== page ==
The dividends tax, a new form of tax on dividends paid by companies, comes into effect in South Africa soon. Here are some practical questions and answers about the new tax.
When will the new dividends tax take effect?
It’s no joke – the dividends tax starts on 1 April 2012 (see Government Notice no 1073 in the Government Gazette no 34873 dated 20 Dec 2011). The tax applies to any dividend declared and paid on or after that date. A dividend declared during March 2012 will still be subject to the Secondary Tax on Companies (STC), but note that the final dividend cycle for companies ends on 31 March 2012. This will accelerate the need to pay the final tranche of STC which may be payable.
Where do I find the dividends tax?
The dividends tax is contained in Part VIII of Chapter II (sections 64D to 64N) of the Income Tax Act 58 of 1962 (the Act). It is very important to know that the legislation creating the tax was introduced in 2008 but has since been changed no less than three times. So, make sure that you are looking at the right text.
You can also find useful information about the mechanics of the tax and payment of the tax on the website of the South African Revenue Service (SARS) at www.sars.gov.za under the heading “Dividends Tax”.
What is the rate of tax?
The tax is calculated at the rate of 10% of the amount of any dividend paid by a company. The rate may be lower in the case of shareholders which are not tax residents in South Africa.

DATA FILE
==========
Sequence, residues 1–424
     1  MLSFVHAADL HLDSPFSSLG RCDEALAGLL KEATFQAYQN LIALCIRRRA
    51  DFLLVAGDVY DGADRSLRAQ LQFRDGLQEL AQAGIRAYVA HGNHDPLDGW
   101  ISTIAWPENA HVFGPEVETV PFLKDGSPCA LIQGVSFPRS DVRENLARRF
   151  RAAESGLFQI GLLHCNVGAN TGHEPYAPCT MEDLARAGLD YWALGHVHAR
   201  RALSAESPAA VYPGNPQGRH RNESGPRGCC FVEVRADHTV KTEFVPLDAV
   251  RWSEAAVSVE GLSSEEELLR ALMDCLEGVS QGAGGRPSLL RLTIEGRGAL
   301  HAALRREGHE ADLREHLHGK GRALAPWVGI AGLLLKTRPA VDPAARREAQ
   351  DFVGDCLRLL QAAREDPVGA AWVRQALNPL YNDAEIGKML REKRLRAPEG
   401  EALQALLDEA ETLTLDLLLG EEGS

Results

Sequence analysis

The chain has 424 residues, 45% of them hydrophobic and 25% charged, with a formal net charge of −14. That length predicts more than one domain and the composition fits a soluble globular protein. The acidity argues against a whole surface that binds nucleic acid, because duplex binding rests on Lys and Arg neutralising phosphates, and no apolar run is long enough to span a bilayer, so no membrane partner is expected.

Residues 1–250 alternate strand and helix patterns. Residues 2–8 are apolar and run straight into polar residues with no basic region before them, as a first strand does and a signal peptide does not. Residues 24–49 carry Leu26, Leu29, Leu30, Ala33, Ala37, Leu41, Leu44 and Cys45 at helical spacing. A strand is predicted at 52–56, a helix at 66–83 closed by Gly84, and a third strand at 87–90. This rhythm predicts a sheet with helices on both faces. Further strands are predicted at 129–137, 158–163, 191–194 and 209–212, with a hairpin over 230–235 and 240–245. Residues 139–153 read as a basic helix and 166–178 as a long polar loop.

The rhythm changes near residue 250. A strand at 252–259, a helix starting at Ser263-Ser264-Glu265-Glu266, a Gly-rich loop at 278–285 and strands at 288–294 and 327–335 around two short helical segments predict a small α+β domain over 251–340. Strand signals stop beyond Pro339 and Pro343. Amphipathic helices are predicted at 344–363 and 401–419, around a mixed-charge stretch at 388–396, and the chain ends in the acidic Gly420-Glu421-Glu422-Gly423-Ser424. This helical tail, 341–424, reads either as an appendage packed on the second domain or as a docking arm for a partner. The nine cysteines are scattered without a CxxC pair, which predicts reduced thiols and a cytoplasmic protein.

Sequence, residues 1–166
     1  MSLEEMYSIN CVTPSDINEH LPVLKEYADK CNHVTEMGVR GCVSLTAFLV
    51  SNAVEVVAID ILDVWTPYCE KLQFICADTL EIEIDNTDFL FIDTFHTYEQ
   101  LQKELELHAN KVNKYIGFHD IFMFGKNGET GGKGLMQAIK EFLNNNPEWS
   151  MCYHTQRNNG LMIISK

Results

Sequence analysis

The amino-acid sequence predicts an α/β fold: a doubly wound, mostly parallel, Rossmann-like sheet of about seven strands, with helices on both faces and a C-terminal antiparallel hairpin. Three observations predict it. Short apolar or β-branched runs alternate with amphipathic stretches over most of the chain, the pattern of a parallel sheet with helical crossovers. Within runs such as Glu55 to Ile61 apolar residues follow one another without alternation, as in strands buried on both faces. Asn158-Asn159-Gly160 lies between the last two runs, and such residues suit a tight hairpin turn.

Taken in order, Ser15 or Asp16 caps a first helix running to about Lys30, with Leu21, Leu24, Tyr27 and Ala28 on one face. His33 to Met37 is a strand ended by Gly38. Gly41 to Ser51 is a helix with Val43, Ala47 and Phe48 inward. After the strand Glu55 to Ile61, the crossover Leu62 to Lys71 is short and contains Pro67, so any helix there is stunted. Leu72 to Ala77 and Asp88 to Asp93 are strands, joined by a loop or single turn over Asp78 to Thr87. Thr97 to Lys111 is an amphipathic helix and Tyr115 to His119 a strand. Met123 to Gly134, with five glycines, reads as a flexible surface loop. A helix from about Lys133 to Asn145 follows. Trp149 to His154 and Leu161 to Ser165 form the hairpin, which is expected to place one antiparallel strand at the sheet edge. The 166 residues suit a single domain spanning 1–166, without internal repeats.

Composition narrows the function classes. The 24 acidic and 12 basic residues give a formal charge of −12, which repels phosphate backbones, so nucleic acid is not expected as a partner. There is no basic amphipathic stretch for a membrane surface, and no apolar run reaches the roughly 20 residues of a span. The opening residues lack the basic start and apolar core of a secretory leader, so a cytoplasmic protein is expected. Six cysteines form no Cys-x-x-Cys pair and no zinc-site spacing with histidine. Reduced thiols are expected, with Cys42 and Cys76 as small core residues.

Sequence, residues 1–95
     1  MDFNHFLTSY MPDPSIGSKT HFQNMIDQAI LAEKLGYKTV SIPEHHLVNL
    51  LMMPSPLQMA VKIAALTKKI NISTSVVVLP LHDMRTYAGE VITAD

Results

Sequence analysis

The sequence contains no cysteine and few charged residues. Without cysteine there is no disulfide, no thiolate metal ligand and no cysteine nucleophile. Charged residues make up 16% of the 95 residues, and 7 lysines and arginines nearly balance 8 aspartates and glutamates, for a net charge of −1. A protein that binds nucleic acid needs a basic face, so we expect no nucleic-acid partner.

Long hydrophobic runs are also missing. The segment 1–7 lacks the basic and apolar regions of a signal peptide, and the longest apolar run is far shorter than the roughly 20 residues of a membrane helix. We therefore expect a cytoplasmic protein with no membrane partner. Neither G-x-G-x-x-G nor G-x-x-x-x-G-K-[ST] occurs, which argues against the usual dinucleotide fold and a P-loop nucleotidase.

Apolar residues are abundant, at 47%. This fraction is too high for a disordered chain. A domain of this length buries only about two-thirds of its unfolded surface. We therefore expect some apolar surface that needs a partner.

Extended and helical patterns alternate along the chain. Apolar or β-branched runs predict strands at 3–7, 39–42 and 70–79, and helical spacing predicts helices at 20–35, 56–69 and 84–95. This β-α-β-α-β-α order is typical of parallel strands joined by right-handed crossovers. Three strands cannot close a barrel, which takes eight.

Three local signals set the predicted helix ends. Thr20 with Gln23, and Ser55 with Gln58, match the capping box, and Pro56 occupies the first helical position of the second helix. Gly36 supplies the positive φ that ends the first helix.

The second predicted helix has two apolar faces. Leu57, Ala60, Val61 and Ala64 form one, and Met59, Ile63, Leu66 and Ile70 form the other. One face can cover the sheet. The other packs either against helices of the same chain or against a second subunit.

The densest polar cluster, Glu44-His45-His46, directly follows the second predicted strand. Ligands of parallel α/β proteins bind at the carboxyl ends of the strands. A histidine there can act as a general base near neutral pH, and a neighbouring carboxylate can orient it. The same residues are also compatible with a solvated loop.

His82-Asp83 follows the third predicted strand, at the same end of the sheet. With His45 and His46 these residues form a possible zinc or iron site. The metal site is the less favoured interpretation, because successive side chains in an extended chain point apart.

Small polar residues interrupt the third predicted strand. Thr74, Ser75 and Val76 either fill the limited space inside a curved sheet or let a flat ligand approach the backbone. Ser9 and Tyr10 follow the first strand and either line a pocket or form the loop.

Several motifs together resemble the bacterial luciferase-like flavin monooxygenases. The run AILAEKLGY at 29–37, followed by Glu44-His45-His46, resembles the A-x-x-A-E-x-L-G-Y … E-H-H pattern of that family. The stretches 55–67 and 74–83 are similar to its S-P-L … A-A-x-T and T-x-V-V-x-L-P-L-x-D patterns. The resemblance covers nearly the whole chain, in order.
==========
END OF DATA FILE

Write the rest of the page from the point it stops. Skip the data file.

The term “dividend” is defined in section 1 of the Act. Generally, a distribution is only a dividend if it is declared from any account other than so-called “contributed tax capital” (share capital or the old share premium) or if the distribution arises from a general share buyback.
When is the tax levied?
Dividends tax is levied on the date that the dividend is paid or payable. The dividend is deemed to be paid on the earlier of the date on which the dividend is paid or the dividend becomes payable by the company that declared the dividend, in this latter context then the last date to register for the dividend may thus be the “trigger date” for collection of the tax. This payment regime has been legislated to avoid confusion with accruals to the shareholder.
The dividends tax must be paid to SARS by the end of the month following the date that the dividend was paid. It is important to note that this is a single stage tax, ie there are no credits carried forward in this system. The payment must be accompanied by a return in the prescribed format.
Who is liable for the tax?